Ford and Domino’s Team Up to Autonomously Deliver Pizza, Uber Promises Self-Driving Taxis in Toronto By the End of the Year, and More

Jennifer van der Kleut

Ford and Domino’s team up to deliver pizzas in autonomous cars (sort of)

Ann Arbor, Michigan residents have a chance to get their pizza delivered in a driverless car–sort of. Domino’s teamed up with Ford Motor Co. for a special pilot program to test people’s reactions to receiving their pizza from a robot. However, though the car is fully capable of driving itself, a Ford engineer will still be behind the wheel, just in case. Customers who order pizza in Ann Arbor will be notified when their pizza has arrived and will have to go outside to meet the car and remove their pizza from a warming oven slot in the outside of the car. Both Ford and Domino’s want to gauge people’s reactions to the technology as well as to having to walk outside to get their pizza themselves, rather than have a delivery employee ring their doorbell. Ford said this is the first step toward many autonomous plans they hope to realize in the future, including robot taxis and delivering groceries via self-driving cars. Read more from Bloomberg News.


Tesla releases Autopilot update

Earlier this month, Tesla Motors released a new update to the Autopilot software, namely the “2017.32” update, to all vehicles equipped with the second-generation hardware. The sole new feature introduced was Automatic High Beams, which automatically switch back to low beams when oncoming traffic is detected. Other than that, the only changes with the update were general improvements to the Autopilot software. Founder and CEO Elon Musk famously announced in October that a new update would make all cars worldwide fully capable of driving themselves, but it appears that update is still coming. Reports have detailed clashes between Musk and his engineers over the announcement, claiming they were not told the announcement was coming and were unsure of the technology’s safety and reliability, particularly after a July 2016 crash in which a driver utilizing Autopilot was killed in a crash. It remains to be seen when Musk’s promise of a fully autonomous Tesla will come to fruition. Read more from Elektrek here and here, and read more from Inc. Magazine here.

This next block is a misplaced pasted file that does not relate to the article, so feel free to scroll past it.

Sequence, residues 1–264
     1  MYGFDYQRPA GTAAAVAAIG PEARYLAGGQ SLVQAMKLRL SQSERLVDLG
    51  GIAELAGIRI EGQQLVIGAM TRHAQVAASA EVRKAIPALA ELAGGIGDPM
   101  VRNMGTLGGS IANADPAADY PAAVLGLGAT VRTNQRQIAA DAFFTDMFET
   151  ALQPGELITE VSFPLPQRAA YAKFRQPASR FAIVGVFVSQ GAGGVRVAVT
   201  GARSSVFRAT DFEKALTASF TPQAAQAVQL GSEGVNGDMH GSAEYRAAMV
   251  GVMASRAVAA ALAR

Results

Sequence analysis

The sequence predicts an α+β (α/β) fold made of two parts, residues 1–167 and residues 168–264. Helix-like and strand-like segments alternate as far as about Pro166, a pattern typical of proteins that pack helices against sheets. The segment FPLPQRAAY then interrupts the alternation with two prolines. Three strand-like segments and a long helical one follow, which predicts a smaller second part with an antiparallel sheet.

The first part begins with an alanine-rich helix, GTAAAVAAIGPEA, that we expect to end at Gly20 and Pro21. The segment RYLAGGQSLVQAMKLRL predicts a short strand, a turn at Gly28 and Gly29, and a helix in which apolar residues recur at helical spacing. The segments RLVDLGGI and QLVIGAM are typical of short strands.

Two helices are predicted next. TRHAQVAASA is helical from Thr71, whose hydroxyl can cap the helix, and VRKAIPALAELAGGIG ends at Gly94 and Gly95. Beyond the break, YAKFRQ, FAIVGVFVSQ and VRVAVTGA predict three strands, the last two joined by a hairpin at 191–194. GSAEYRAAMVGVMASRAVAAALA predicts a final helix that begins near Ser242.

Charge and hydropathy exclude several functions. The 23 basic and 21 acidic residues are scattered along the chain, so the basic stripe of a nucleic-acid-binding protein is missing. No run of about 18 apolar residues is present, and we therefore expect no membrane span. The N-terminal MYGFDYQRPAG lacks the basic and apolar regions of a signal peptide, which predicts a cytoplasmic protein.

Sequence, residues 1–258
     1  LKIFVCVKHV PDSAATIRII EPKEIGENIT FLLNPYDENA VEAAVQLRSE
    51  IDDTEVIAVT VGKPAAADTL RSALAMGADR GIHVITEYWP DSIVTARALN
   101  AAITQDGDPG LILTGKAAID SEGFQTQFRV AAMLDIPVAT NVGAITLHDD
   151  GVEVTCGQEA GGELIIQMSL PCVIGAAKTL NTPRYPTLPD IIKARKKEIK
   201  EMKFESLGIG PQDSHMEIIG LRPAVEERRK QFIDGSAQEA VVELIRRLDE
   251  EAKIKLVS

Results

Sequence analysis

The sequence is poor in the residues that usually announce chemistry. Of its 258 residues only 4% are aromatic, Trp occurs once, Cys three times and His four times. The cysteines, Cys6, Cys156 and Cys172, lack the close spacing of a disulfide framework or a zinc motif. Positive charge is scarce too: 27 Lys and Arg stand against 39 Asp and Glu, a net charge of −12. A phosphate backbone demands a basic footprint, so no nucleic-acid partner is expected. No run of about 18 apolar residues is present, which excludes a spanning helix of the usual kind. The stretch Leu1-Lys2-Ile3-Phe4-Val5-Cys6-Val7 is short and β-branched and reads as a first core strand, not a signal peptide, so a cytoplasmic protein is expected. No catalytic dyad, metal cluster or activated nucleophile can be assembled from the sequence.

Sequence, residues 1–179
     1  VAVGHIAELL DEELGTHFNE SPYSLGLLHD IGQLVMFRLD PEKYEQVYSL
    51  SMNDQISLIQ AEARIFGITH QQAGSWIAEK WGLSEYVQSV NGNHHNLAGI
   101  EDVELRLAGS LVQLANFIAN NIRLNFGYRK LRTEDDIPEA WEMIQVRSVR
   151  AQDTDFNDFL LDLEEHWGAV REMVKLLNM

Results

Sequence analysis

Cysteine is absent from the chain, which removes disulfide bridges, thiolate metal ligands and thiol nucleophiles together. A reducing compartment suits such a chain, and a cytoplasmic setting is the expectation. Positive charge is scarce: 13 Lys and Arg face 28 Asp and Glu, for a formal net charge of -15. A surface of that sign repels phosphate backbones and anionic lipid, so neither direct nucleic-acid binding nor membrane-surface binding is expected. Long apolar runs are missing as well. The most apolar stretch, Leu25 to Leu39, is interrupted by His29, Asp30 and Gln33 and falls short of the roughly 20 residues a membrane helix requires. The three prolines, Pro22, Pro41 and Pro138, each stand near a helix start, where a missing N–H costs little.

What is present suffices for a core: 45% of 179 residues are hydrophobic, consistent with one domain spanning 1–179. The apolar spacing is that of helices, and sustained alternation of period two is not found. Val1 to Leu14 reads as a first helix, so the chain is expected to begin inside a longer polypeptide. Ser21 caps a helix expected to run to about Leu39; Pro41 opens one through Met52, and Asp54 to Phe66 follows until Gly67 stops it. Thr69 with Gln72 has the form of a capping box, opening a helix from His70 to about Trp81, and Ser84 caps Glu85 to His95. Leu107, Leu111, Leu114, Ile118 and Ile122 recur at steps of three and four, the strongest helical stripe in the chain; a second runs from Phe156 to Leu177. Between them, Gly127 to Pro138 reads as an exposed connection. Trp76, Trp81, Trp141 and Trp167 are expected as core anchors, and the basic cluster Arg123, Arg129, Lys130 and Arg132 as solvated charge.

Uber promises self-driving taxis in Toronto by the end of the year

Seemingly bouncing back from a hiatus following a crash involving one of their self-driving test cars in March, Uber is getting self-driving cars back on the roads of Toronto. The rollout is starting small with only two vehicles doing mapping and data gathering on the University of Toronto campus to improve efficiency and accuracy, but Uber promises the vehicles will be fully operational and able to pick up passengers by the end of this year. Read more and see a video from Complex Canada.

Connected, Autonomous Vehicles On Display in Northern Virginia

Jennifer van der Kleut

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Staff and elected officials from Fairfax County in northern Virginia were treated to an up-close look at connected and driverless car technology at a special event last week on May 3. and our sister company, eTrans Systems, which manufactures connected-vehicle software, took part in the event, which examined the logistics and benefits of advancing the technology and also offered test rides in prototype vehicles.

Representatives from Virginia Tech Transportation Institute (VTTI), Tesla Motors, eTrans Systems and the Virginia Department of Transportation (VDOT) brought vehicles with connected and semi-autonomous technology to demonstrate how they work and to show off some of the benefits.

eTrans Systems showed off some of its V2I technology (vehicle-to-infrastructure) on test rides in a large, closed-off parking lot at the Fairfax County Government Center. Through a tablet mounted on the dashboard, riders could see when the system warned the driver if he was going over the speed limit or when the road was about to curve, and informed him of how soon an approaching traffic signal was going to change or when a collision with another vehicle was possible.

Following the demonstration rides, Fairfax County elected officials convened a discussion panel, moderated by David Zipper from the D.C.-based startup incubator 1776, and featuring representatives from eTrans, VTTI, VDOT and the consulting firm RK&K.